I am hopeful of breaking down some brick walls from the information and knowledge gained on the 3rd Unlock the Past genealogy cruise.
Jill (Geniaus), Helen (From Helen V Smith's keyboard), Louis (Behold Genealogy), Alona (Lone tester HQ), Linda (Mad about Genealogy), Lee-anne (Pear Tree Cottage) and Shauna (Diary of an Australian Genealogist) have already written blogs about their time on the genealogy cruise. Unfortunately I had difficulty getting connected to the internet while on board and when it did connect, it was so slow that I gave up.
It is going to be a very busy few days of researching as I have a page of "things to do" and revisit.
The top 10 things on my list (in no particular order);
1. Review the catalogues and research guides for various websites (Public Records Offices, Archives, Scotlands People, Family Search, Find my Past, Ancestry etc). This might sound very basic but I have tended to jump in and start searching immediately but several presenters pointed out that there is alot more material available, including search tips to enhance research. Additionally missing records will be highlighted, perhaps showing why I cannot locate a particular ancestor. Sometimes we forget the benefits of going back to basics
For example, a search on Denbighshire, Wales in the catalogue of www.familysearch.org shows the resources and records, which are available (and therefore those records that are not available).
2. Search for the deaths of my missing Scottish female ancestors by maiden name rather than married name. I didn't realise that females retained their maiden name in Scottish records. Additionally many names in Scotland are interchangeable so I will search again by both names eg. Donald/Daniel, Grizel/Grace, Peter/Patrick, Jean/Jane, Elizabeth/Isabel, Nancy/Agnes and ensure that I am using the "Wildcard" option.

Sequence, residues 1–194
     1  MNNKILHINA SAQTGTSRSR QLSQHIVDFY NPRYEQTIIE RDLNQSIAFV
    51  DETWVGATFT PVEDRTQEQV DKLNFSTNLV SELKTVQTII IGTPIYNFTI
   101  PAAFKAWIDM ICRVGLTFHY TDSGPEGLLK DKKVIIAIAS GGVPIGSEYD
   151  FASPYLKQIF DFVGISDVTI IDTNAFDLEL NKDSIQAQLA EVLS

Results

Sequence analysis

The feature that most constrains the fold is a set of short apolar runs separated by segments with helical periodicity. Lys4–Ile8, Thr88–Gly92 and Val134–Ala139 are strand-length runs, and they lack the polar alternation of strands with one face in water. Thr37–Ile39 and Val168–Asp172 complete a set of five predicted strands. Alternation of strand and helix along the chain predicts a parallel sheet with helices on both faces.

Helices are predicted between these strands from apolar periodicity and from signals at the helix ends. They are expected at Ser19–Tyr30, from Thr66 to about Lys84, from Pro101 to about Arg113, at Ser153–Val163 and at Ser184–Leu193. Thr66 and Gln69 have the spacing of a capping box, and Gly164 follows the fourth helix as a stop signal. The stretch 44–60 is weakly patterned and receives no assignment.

3. Search the Scottish Valuation rolls and Irish Land records (landlords and tenants).
4. Further research on my Scottish ancestors based on the naming patterns often used by the Scottish
1st son - Father's father
1st daughter - Mother's mother
2nd son - Mother's father
2nd daughter - Father's mother
3rd son and daughter - after parents
Back to my first point, I today found that if I had previously read the information contained in Scotlands People then I would already have known this!
I have been using Scotlands People for years but Jan Gow highlighted some very useful tips and hints, including that searches in Scotlands People can be converted to an Excel spreadsheet and then results sorted by name. This will enable me to keep an alphabetic list of all searches completed previously to avoid duplication (and paying extra money for searches that have already been done).
5. Purchase the Phillimore Atlas and Index of Parish Registers, showing the location of both the new and old parishes in England, Ireland, Scotland and Wales. Additionally, it shows the location of original registers and those that have been indexed.
6. Write to the relevant County Archives in UK to see if they hold Workhouse Admission, Settlement or Removal Records for my missing ancestors.
Paul Milner and Linda Elliott both suggested this as a method to breakdown my brickwalls. From what I understand, the parish of birth was responsible for the welfare of the citizens even if they moved to another parish. If a person moved parishes, they would need a certificate from their birth parish, which was provided to the parish of residence. Therefore records may be held by both parishes.
7. Write to the National Library of Wales to hopefully obtain copies of Wills and Probates for my Jones ancestors (wish me luck). Paul Milner advised that the Wills and Probates have all been indexed but are not yet online.
8. Obtain a qualification in genealogy and speak to my local history group about potentially presenting seminars to beginners in the area. I have been thinking about it for some time but Helen's enthusiasm convinced me to make a start on studies now. Jan Gow also encouraged me to join Toast Masters to enhance my confidence and public speaking ability.
9. Look into DNA Genealogical Testing. This was an interesting topic discussed at the dinner table.
10. Retire my old scanner for the Flip-Pal Mobile Scanner. I had been concerned about the stitching but Jill, together with the examples of scanned documents, convinced me of the benefits. No more lugging my laptop and large scanner when I visit relatives to scan photos and documents.
|My cousin and I climbed Sydney Harbour Bridge prior to getting on Voyager of the Seas (in the background)|